“Picture yourself driving down a wide-open Texas road. There’s nothing to see for miles, just dust and highway. But it doesn’t feel empty; it feels open. Got that picture in your mind? Good. Keep it there, and now you’re ready to listen to Music for Film by The March Divide. Jared Putnam – the lead singer, songwriter and guitarist – drove around the Lone Star State while making the album, a fact that comes through in its lyrics and style. Joined by his former band mates from The Conversation — Jorge Ramirez (bass) and Mike Hernandez (drums) — and bolstered by the cello and vocal contributions of Laura Wheeler, Putnam created an album that might double as a soundtrack for Texas.”

“Taking on the production duties himself, Putnam eventually settled on an acoustic-based record, with drums on just half of the songs. This stripped down approach suited him and the band just fine, and you can hear some of his influences, such as Elliott Smith and Cursive, slip through your speakers. About their latest single, the Wheeler sung “Pick Me Up,” Putnam says, “it portrays that feeling you can’t get passed when all you can say is, ‘What the fuck just happened!?”” Smearing glossy pop theatrics across Wheeler’s emotional vocals and twisting them together with brightly chiming guitars, the band delivers a slice of sugary rock that manages to get stuck in your head and has you singing the chorus hours after you’ve heard it.”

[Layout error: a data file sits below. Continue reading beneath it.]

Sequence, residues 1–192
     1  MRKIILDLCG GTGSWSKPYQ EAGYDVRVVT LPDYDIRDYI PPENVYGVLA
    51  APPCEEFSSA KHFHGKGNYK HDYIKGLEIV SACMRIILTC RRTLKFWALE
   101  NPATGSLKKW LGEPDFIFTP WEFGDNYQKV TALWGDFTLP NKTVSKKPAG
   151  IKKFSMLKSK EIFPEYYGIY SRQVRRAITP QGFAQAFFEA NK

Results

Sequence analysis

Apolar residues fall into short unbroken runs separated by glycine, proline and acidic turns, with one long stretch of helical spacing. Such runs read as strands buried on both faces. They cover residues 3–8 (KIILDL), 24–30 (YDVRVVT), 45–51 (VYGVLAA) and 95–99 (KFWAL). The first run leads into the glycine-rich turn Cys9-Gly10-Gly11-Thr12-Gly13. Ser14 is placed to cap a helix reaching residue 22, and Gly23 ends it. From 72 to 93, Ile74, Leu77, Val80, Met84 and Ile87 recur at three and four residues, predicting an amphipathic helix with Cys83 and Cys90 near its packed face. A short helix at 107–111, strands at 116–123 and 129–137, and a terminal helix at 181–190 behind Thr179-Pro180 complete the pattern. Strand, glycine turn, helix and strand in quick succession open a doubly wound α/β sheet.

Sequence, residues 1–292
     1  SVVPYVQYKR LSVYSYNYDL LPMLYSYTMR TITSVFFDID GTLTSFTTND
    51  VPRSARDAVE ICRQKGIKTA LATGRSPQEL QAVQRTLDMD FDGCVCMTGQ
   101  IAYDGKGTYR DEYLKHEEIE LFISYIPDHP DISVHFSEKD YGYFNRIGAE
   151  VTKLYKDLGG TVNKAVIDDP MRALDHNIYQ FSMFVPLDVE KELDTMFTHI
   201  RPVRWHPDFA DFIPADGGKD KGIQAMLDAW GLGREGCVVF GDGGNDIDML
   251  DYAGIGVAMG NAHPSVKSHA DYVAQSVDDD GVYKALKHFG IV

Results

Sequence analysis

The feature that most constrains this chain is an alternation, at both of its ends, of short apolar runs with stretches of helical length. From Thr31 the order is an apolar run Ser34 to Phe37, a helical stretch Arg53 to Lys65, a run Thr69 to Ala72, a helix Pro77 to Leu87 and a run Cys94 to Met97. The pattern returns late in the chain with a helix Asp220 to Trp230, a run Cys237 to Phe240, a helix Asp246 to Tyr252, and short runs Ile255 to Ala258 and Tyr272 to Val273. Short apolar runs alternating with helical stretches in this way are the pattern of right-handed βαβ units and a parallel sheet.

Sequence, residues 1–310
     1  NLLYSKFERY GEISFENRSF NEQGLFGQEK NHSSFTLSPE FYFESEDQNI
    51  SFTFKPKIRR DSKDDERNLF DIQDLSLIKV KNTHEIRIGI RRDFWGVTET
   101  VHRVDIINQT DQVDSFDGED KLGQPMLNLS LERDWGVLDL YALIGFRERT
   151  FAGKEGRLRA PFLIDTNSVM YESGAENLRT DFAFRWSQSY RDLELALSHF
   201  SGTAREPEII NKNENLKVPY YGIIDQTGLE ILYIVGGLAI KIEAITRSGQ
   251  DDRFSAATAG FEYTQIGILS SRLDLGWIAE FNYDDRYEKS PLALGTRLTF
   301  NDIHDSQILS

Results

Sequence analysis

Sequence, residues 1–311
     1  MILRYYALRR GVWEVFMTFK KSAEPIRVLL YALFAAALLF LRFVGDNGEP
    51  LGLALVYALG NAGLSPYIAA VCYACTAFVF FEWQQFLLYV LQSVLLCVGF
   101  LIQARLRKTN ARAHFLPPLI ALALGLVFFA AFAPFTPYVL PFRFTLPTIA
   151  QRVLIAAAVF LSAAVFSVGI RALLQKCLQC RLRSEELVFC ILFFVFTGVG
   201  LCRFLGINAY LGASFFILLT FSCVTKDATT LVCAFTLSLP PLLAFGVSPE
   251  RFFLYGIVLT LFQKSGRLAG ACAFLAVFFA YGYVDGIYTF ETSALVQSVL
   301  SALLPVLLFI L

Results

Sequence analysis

“The debut full-length release from The March Divide, the new band created by Jared Putnam who was previously in the El Paso, Texas-based band The Conversation. Music For Film features tracks with a full band as well as cuts driven mainly by acoustic guitar. These songs are all about lyrics and melodies, both of which are the central focus throughout the album. Putnam has a sound that should appeal to a wide range of listeners. His observations are about everyday situations and he comes across like a nice sincere guy who truly loves making music. Ten hummable tracks here including "Still Analog," "I'm Unconvinced," "Flake," and "It's All Been Sung."”

“Kinda of like the “Hey There Delilah” song, but with the oomph of a marching band. And there’s ten songs of it.”

“Whether it’s in a full band setting or just Putnam and his guitar, Music For Film is acoustic music that moves you to think about the song, and how it applies to you, or how you would like to be able to do the things expressed in the song. You know your life is not being captured on film, but their songs convince you that life is easy when there is a beginning, middle, and end. In this case, life has already begun, we’re all going through eternal middles, but hope that by the time we reach our end, it will be as satisfying as the music Putnam performs here.”

“The March Divide, scheduled to release its debut album Music For Film via Dead Letter Records on February 12th, 2013, is a fresh start for San Antonio-based musician Jared Putnam after years on the road (and a few years off of it) with his former band The Conversation. One of these tunes is the album’s first single “Still Analog.” “It’s pretty ironic that it’s a pop song about how writing a pop song isn’t the solution to my problems,” says Putnam. “I really got my shit together soon after I wrote it, though. It’s essentially about turning over a new leaf.” Check out the impressively hooky track”